Democratic state Sen. Janet Cruz isn’t afraid to speak her mind.
That was the number one takeaway Friday when she spoke during a Café Con Tampa breakfast Friday tackling topics ranging from legislation she’s filed this year to how she navigates a partisan legislature.
“It was hard initially,” Cruz said of her time serving in the more conservative House. “It’s hard when you’re in an almost super-minority. You have to work across the aisle and you have to make friends so that you can get some legislation passed.”
Cruz said even in the Senate where Democrats are three seats shy of splitting the legislative body 50/50, getting support for some legislation takes a lot of door knocking.
“We’re in and out of each other’s offices all the time,” Cruz said. “I’m in there begging and asking [committee chairs] to agenda my bill.”
If committee chairs don’t put bills on their agenda they’ll never see the light of day.
Cruz told a colorful story about a bill that was almost blocked when she served in the House. She didn’t say which one, but told listeners in the crowd that she once had a piece of legislation scheduled for a floor vote that Republican leadership — she specifically named former House Speaker Richard Corcoran — tried to bump her bill and replace it with a gun bill.
“F— no, you’re not going to bump my bill,” Cruz said she told them.
She stood her ground, and won. The Democratic-friendly crowd ate it up.
But Cruz and Democrats don’t always have such empowering stories to share with supporters. Cruz lamented one of her losses during the 2019 session that’s she’s since turned into a win, and an example of how sometimes lawmakers can get creative and take their issues outside the halls of the state Capitol.
There are 136 Hillsborough County public schools built before 1986 that contain lead pipes, leaving those schools prone to lead contamination in drinking fountains. Earlier this year Cruz sponsored a bill that would have funded water filters for any school statewide built before 1986.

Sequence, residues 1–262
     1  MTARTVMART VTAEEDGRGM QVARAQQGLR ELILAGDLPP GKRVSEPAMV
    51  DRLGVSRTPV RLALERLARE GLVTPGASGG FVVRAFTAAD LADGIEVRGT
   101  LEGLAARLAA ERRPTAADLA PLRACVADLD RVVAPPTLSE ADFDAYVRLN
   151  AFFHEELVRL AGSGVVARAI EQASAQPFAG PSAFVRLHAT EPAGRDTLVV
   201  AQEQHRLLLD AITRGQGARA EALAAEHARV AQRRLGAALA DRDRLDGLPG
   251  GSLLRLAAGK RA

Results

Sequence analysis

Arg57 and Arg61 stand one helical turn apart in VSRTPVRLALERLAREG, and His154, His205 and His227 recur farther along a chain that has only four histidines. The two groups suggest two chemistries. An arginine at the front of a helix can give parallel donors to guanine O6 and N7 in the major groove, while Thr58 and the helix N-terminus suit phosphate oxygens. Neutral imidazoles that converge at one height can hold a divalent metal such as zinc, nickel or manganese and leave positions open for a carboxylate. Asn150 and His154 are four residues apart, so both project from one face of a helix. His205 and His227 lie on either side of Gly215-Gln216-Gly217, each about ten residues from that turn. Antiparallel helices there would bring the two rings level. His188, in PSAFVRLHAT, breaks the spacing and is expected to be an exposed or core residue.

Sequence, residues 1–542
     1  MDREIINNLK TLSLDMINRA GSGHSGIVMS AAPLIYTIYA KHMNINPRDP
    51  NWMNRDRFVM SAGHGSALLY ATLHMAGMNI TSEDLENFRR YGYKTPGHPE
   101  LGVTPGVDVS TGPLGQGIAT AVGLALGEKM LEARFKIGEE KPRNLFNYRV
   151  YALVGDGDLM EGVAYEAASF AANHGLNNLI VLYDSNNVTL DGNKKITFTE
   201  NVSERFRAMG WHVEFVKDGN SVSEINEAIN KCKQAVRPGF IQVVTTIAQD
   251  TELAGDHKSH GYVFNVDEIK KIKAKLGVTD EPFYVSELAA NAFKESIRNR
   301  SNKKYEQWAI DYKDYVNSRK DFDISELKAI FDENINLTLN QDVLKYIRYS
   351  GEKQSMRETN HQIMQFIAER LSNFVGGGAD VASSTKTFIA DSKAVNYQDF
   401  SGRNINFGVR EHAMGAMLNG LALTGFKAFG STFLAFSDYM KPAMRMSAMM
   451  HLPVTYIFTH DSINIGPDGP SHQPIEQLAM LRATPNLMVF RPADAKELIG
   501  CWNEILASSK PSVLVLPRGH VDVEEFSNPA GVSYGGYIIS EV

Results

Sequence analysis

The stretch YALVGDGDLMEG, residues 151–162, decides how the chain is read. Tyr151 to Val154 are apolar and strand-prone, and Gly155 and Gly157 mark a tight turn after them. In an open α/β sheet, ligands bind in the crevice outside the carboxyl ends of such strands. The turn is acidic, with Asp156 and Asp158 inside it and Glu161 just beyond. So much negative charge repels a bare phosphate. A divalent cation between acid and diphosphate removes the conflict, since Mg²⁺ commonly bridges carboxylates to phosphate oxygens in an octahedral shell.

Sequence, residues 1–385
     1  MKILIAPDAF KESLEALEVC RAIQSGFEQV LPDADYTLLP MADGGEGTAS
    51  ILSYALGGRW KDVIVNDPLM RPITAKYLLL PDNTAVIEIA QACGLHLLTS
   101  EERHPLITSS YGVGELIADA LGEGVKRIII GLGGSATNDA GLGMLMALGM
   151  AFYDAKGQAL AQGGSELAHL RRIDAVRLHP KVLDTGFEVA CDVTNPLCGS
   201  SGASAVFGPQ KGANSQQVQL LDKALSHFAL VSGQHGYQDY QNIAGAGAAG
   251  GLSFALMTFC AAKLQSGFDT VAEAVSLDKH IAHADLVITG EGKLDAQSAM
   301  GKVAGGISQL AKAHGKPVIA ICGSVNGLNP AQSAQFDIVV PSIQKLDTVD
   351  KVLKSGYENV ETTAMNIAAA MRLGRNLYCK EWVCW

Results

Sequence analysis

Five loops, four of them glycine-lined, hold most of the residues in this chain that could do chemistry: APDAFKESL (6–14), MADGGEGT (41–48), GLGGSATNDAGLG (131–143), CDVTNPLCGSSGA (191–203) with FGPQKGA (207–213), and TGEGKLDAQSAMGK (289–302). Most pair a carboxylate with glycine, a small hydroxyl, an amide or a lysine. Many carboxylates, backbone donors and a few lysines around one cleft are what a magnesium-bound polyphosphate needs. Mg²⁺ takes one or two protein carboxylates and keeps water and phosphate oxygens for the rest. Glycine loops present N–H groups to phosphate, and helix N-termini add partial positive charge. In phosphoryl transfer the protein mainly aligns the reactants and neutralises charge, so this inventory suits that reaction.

But her bill, which seems like a nonpartisan no-brainer, hit a roadblock. The fiscal implications to the state were found indeterminate in the bill analysis and it stalled. Lawmakers aren’t keen on passing legislation when they don’t know how much money it’s going to cost.
So Cruz did her own research and met with an Oldsmar-based filter manufacturer who told her filters could be replaced for about $20 a pop. She launched a private funding initiative to pay for the filters.
Quickly, $150,000 rolled in from both large and small contributions. Schools are already getting their filters and by the time students return from winter break in January, all 136 affected schools will have clean water.
But the legislative side of the situation is still frustrating. With demonstrated results, Cruz refiled her legislation for the 2020 Session and hopes to expand filter installations in affected schools statewide.
Cruz also lamented efforts, mostly led by Republicans, to pass legislation usurping home rule over local governments. There are examples aplenty — preempting gun regulations, blocking plastic and styrofoam bans, restricting tree ordinances, eliminating community redevelopment areas.
“This is a trend that has been happening for years,” Cruz said. “It’s a real problem. How do we fix it? We have to have the votes to stop bad legislation. I would tell all of you to speak out against all of this with your vote because that’s what it will take.”
She wasn’t quite so blunt, but Cruz’s meaning was crystal clear — elect more Democrats.
Cruz was not all partisan in her talk Friday morning. Of the hundreds upon hundreds of bills filed every year that make it to a floor vote, most, those that don’t tend to make headlines, are passed with bipartisan support, Cruz said.